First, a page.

Yesterday MSNBC’s Martin Bashir opened his show with an apology for his closing remarks on Friday about Sarah Palin. As if she or her Umbragettes were truly offended. (More)

Squirrels are experts on umbrage in its original meaning. There’s nothing quite like relaxing in the shade of a nice tree, especially when the same branches and leaves that provide the shade also help us hide from predators. Umbrage comes from the Latin word umbra, meaning “shade,” which may explain why the group Penumbral Glow didn’t last very long. A penumbra is the shady bit around something. The glowy bit is the corona or, for paranormal types, the aura. Name your band after an oxymoron and … well I digress.

Anyway, later people linked shade with negative emotions – the metaphorical hovering dark cloud – and “umbrage” acquired its more familiar meaning of taking offense. So I shouldn’t be surprised that Sarah Palin and her Umbragettes seem a little … shady.

The fauxrage started Friday when MSNBC’s Martin Bashir ended his show with a withering criticism of Palin’s claim that the national debt is like slavery. Bashir described, in horrific detail, the kinds of punishments that slaves sometimes endured. And then, as Wonkette’s Doktor Zoom wrote, Bashir stepped over the line:

See, this is where Bashir could have stopped and asked exactly how any aspect of national debt resembles these realities of slavery. But being a teevee guy, he had to take that next step:

“I could go on, but you get the point,” Bashir said, concluding “When Mrs. Palin invokes slavery, she doesn’t just prove her rank ignorance. She confirms if anyone truly qualified for a dose of discipline from Thomas Thistlewood, she would be the outstanding candidate.”

And because Thistlewood’s discipline included one slave being forced to defecate in another’s mouth, this clearly meant Bashir literally wanted to watch someone force that on Palin. Cue the Umbragettes:

Michelle Malkin defended Rush Limbaugh’s attacks on Sandra Fluke, so I doubt she really cares about misogyny. I doubt Palin was actually offended either. More likely, Palin had the same feeling Ann Romney admitted to during L’Affaire de Rosen:

Mrs. Romney acknowledged Republicans’ deficit at present with female voters, and urged the women in attendance to talk to their friends, particularly about the economy. She also discussed the criticism she faced this week, and her pride in her role as a mother.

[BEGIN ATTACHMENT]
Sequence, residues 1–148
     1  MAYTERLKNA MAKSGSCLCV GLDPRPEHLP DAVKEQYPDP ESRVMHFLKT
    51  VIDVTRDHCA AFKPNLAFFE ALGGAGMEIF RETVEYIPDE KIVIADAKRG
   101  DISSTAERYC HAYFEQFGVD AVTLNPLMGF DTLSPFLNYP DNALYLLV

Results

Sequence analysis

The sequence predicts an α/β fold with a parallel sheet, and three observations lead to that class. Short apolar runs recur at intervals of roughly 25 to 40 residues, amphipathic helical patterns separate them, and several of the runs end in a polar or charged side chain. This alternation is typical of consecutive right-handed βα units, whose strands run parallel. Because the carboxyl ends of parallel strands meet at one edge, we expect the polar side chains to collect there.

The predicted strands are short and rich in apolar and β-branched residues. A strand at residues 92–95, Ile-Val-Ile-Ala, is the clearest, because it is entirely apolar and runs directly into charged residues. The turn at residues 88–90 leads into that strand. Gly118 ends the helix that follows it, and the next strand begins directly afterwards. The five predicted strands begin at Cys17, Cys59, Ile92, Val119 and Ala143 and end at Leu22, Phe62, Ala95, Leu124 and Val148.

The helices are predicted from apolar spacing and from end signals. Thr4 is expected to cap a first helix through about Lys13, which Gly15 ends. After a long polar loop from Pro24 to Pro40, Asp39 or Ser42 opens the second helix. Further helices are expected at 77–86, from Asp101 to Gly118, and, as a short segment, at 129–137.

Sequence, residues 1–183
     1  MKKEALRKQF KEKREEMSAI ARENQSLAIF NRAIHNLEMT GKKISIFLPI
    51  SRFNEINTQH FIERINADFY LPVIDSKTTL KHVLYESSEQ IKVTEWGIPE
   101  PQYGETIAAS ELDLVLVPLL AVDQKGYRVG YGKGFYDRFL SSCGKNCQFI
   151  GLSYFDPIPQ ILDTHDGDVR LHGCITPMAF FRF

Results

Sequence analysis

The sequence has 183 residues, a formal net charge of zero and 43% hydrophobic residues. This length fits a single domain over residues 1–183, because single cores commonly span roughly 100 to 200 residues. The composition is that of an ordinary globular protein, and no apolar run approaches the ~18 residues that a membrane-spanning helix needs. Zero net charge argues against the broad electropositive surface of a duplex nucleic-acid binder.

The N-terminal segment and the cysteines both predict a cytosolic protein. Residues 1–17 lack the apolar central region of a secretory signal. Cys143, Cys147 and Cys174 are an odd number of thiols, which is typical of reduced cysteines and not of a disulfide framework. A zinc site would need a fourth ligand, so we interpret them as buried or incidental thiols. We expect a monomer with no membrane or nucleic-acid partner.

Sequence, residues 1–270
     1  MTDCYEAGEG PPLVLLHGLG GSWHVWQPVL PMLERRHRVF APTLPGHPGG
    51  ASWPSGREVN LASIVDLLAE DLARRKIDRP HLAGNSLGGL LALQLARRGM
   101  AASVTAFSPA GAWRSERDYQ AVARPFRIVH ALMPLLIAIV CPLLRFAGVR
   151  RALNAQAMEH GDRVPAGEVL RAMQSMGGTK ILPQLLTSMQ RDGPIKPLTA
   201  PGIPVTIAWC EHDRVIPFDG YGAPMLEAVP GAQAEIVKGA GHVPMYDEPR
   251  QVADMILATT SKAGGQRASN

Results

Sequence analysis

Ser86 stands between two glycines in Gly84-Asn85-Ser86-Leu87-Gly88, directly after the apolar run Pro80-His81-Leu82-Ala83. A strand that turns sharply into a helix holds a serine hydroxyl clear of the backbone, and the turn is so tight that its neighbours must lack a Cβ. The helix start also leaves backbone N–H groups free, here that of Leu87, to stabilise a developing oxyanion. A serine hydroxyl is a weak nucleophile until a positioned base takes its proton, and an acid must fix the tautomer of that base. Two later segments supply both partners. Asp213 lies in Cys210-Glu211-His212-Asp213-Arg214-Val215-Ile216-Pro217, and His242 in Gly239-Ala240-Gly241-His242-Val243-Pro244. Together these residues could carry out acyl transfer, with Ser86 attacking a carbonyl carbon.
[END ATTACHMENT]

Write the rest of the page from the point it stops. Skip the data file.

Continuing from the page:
“It was my early birthday present for someone to be critical of me as a mother, and that was really a defining moment, and I loved it,” Mrs. Romney said.

To his credit, Bashir apologized yesterday. But let’s not kid ourselves here. Palin and the Umbragettes were delighted that Bashir stepped over the line. That let them change the story from Palin’s racist and offensive trivialization of slavery to one of her favorite roles … Palin as Victim:

“Acts of monstrous criminality stand on their own,” Ms. Palin said in a seven-and-a-half minute video posted to her Facebook page. “Especially within hours of a tragedy unfolding, journalists and pundits should not manufacture a blood libel that serves only to incite the very hatred and violence that they purport to condemn. That is reprehensible.”

Ms. Palin’s use last year of a map with cross hairs hovering over a number of swing districts, including that of Representative Gabrielle Giffords, has become a symbol of that overheated rhetoric. In an interview with The Caucus on Monday, Tim Pawlenty, a potential 2012 rival for the Republican presidential nomination and the former governor of Minnesota, said he would not have produced such a map.

In the video, Ms. Palin rejected criticism of the map, and sought to cast that criticism as a broader indictment of the basic rights to free speech exercised by people of all political persuasions.

Unless the free speech criticizes her, of course. Then it’s “reprehensible.”

Find me some pearls to clutch. Or better yet, macadamias.

Good day and good nuts.